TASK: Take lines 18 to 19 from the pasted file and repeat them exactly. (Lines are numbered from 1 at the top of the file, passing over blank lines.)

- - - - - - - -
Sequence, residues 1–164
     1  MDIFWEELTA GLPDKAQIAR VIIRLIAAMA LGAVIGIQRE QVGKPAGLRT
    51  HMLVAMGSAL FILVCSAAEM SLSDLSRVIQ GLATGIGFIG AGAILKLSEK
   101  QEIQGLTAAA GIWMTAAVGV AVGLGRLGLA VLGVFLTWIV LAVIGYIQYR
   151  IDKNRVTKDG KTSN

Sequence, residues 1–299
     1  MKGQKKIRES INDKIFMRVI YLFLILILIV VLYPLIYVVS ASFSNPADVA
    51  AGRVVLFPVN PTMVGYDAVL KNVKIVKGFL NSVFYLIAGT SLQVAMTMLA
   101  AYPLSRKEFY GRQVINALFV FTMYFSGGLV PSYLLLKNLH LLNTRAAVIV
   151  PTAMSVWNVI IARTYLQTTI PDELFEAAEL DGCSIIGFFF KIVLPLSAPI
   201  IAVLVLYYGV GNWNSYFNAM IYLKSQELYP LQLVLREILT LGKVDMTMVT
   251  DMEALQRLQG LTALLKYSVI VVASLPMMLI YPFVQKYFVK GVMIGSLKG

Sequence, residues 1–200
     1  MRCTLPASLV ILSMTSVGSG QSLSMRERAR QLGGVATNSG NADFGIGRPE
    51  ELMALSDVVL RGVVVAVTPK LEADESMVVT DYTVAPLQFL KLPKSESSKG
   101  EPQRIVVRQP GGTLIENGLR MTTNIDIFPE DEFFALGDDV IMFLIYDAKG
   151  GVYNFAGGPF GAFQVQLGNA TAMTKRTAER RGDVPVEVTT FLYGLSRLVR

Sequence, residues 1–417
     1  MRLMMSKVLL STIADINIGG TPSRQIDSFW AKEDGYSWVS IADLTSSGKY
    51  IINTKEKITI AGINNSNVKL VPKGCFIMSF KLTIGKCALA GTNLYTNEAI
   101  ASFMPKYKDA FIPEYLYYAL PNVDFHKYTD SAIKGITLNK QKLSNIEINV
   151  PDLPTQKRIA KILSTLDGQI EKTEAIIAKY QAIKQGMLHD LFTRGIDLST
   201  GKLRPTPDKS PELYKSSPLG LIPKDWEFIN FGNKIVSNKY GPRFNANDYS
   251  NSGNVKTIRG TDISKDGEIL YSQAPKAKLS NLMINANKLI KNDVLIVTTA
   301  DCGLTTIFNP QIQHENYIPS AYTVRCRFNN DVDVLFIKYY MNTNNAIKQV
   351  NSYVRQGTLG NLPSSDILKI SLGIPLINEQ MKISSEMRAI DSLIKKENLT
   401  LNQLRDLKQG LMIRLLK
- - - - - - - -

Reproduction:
Sequence, residues 1–417
     1  MRLMMSKVLL STIADINIGG TPSRQIDSFW AKEDGYSWVS IADLTSSGKY